December 8, 2012 — Five and a half years ago, I visited Centralia, Pennsylvania. It was the early days of my OTIS adventure, back when I was still learning how to leave my living room and the big-screen tube TV I had splurged on at the expense of any other furniture in my apartment (and, almost, my apartment itself). It was my ninth post, just after the Dark Crystal Skeksis and right before the Cave of Kelpius.
Since that time, a lot has happened to me. I moved to New England. Got a wife. A kid. A cancer. Published two books. Quit four jobs. Seen more fascinating things than a guy as ferociously suburban as myself deserves to.
Meanwhile, Centralia kept burning. As it has for the past 50 years. As it will for the next couple of hundred.
But I went and visited it again just a few days ago, just to make sure.
If you think of the shape of Pennsylvania—like I do and I assume the nearby Hershey’s candy company does—as a giant chocolate bar with a bite for an eastern border, then Centralia is located just 80 miles directly west of that bite mark.
It was established in the mid-1800s, and, like many towns in the region, started out as a mining town. Anthracite coal was what it was built on then, and anthracite coal is what it burns on now. In 1962, a simple trash fire at the local dump ignited a bit of exposed coal that happened to be just the tip of the coalberg.
It ignited a coal mass that stretched for miles beneath the town and the surrounding areas. The fire spread slowly and stealthily over the next couple of decades, until it became obvious that something was wrong. Really wrong. Hell had added a few more stories to its roof, and Centralia was in its way.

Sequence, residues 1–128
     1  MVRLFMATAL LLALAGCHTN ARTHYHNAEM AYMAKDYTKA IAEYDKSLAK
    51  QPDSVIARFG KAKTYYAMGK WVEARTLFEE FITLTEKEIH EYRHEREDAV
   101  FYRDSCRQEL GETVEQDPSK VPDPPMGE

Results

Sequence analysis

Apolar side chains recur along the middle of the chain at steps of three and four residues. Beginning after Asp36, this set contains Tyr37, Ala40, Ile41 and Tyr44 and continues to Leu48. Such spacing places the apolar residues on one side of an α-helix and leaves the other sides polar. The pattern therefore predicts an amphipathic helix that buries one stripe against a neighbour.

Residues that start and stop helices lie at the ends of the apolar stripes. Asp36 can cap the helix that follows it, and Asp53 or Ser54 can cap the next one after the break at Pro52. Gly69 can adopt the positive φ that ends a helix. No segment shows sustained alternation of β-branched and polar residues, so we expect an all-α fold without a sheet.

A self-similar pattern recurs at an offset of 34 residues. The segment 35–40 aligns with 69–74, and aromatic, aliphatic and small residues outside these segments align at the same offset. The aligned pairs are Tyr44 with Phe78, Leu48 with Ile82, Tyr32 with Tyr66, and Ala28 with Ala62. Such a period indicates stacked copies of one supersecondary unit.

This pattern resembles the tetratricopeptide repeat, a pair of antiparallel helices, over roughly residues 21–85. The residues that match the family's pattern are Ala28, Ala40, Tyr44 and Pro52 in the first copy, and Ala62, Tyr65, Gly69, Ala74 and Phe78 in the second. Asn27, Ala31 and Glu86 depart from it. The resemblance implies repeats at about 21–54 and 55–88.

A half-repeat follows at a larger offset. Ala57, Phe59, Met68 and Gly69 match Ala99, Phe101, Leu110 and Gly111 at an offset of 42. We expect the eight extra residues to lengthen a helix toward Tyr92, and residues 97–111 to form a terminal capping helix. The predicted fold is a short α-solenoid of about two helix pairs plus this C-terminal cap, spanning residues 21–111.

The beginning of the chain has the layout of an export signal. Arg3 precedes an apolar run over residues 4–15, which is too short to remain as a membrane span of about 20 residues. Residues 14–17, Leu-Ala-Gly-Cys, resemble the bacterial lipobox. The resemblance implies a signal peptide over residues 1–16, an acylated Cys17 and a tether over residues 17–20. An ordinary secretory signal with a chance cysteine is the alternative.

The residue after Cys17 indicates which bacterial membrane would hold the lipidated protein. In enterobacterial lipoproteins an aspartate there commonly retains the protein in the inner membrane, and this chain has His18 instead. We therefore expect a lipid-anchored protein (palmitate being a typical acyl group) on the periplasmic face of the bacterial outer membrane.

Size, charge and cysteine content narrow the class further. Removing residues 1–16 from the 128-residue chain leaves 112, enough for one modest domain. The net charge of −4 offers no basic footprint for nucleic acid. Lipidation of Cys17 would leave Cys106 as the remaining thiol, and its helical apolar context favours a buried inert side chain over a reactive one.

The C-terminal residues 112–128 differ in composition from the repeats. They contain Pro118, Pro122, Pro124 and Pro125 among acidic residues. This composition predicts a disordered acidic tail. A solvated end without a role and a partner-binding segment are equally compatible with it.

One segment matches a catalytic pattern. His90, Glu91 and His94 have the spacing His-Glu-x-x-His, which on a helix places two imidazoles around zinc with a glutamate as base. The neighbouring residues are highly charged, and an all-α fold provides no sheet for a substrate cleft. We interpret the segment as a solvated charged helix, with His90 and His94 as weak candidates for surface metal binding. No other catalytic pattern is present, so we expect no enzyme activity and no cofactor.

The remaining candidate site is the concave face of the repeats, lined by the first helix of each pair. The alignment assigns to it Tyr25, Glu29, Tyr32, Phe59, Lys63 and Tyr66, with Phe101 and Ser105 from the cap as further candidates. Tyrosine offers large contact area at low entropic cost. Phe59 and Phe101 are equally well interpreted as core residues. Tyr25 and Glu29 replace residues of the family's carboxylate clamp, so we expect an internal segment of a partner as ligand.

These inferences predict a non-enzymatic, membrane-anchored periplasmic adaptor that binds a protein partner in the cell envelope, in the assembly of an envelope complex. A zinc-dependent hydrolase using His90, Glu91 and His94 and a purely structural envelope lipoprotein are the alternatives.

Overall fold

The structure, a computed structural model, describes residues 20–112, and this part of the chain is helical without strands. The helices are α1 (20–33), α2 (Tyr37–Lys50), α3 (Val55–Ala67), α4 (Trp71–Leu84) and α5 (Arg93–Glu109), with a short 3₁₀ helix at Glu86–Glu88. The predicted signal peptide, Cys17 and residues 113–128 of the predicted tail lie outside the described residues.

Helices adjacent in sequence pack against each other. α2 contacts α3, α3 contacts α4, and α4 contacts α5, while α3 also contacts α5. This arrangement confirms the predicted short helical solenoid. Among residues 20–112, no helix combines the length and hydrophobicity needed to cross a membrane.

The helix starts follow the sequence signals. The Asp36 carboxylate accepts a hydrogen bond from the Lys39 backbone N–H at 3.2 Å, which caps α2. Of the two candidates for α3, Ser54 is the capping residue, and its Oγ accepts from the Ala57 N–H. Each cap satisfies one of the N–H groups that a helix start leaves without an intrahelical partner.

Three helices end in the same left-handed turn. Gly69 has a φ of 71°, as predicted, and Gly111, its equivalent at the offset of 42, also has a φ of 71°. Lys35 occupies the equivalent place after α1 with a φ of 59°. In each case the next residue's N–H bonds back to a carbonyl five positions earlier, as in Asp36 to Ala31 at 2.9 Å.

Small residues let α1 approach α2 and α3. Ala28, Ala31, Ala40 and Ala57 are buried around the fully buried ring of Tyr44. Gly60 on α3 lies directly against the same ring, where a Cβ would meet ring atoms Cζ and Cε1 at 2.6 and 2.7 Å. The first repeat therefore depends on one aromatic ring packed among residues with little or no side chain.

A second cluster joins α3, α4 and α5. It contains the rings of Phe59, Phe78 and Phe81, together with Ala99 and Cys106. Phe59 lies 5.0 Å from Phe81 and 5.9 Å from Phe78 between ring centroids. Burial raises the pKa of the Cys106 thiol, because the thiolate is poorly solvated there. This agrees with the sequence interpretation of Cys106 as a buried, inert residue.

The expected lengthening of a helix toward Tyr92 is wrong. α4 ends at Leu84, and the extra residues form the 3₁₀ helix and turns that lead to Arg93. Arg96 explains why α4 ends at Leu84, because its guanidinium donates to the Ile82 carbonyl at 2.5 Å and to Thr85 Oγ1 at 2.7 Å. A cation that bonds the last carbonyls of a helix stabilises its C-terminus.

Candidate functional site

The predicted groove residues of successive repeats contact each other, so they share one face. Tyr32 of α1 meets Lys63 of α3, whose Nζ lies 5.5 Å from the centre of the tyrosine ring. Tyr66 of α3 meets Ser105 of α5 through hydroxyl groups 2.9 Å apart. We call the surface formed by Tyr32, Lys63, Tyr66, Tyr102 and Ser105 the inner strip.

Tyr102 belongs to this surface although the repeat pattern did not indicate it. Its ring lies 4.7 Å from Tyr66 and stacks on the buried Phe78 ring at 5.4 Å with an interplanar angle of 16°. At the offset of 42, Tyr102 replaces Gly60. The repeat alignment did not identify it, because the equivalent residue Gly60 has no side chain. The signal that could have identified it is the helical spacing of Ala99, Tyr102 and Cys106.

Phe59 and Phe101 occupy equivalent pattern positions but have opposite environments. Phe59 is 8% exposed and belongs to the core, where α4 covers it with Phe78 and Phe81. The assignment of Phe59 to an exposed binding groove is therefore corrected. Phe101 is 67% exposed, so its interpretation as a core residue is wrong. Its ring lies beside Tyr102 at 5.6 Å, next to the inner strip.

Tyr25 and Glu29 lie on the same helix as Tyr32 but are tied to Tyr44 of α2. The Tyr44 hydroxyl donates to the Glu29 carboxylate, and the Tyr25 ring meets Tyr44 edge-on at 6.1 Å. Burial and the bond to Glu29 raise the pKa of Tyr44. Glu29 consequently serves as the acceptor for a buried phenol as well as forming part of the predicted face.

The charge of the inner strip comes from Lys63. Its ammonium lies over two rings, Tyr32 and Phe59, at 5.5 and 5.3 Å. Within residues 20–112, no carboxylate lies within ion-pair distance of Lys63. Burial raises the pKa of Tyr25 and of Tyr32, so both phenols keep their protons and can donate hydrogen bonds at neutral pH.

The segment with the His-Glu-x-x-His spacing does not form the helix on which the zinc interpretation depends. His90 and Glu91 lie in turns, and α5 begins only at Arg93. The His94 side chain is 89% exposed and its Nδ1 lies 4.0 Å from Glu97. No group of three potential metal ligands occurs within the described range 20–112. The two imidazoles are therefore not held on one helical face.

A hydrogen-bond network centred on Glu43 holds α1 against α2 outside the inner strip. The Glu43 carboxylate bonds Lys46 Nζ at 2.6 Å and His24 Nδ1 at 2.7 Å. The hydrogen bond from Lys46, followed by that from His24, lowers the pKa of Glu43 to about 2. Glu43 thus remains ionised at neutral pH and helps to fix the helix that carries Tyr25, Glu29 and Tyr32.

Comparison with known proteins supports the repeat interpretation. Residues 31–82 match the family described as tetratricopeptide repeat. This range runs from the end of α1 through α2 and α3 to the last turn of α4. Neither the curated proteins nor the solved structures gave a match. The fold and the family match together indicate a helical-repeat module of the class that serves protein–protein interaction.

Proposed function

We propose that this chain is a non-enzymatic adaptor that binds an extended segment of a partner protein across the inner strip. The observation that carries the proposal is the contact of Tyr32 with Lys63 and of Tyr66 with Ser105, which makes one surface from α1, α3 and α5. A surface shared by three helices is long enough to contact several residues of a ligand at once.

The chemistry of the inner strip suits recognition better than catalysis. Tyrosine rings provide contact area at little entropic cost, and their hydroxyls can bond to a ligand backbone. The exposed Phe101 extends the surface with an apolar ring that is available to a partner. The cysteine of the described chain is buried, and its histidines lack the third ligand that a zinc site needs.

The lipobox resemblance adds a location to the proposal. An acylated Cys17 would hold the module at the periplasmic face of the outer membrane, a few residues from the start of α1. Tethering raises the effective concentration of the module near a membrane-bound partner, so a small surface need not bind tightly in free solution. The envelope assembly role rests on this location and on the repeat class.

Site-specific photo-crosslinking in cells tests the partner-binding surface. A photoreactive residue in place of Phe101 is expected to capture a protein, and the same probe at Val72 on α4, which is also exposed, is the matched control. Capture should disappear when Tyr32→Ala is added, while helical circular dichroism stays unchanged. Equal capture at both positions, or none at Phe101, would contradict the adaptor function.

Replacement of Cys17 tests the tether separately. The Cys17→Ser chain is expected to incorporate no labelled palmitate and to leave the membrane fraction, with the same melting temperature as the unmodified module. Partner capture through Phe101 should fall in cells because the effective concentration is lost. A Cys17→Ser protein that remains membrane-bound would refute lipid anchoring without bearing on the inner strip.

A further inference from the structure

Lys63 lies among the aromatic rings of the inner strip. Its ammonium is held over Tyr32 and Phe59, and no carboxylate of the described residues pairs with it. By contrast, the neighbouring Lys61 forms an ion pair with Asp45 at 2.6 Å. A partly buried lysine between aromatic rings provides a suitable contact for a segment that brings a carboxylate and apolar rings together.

After various futile attempts to put it out, Pennsylvania invoked eminent domain and evacuated and razed the town. They just let it go. Because you can’t live on top of fire, man. Scientists estimate that the massive underground conflagration will run out of fuel in maybe two more centuries or so. But nobody really knows for sure.
Short version: Centralia is a ghost town….on fire.
Since that time it has gotten a reputation as a toxic horrorland full of winking sinkholes and carcinogenic clouds of death vapor.
Honestly, though, it’s kind of the opposite. Heck, I took my wife and toddler to it this time. But even though it doesn’t live up to those extreme expectations, it’s still a fascinating, haunting place.
On my previous visit, the weather had been “sunny as Sesame Street,” but on the morning of my most recent jaunt it was foggy. Real foggy. Like Silent Hill foggy. Perfect.
You get to Centralia by merely following Route 61. It cuts directly through what remains of the site. Takes you right downtown.
Or, at least, what passes for a downtown for such a place.
Centralia is pretty much just a grid of overgrown streets. Here and there along those streets you’ll see a bit of curb or a section of stone fence or an orphaned stretch of sidewalk, but mostly it’s just a field with some trees. People do still live there, though, and a couple of houses and a bland-looking municipal building can be found at points within and around that immediate grid. One of the houses, with its flat, windowless flank, looked to have originally been part of a row in those nostalgic days before tragic mine fires.
Eventually, I did find the stone marking the time capsule, but the bench was gone, as was the house across the street. Not even a foundation stone was left for future archeologists. The veterans memorial had been reduced to a crumbling stack of cinderblocks, the bell nowhere to be seen. The whole tableau blended pretty well with the rest of the desolation. A small section of rusty chain-link fence lined by a couple of trees is the nearest landmark to it.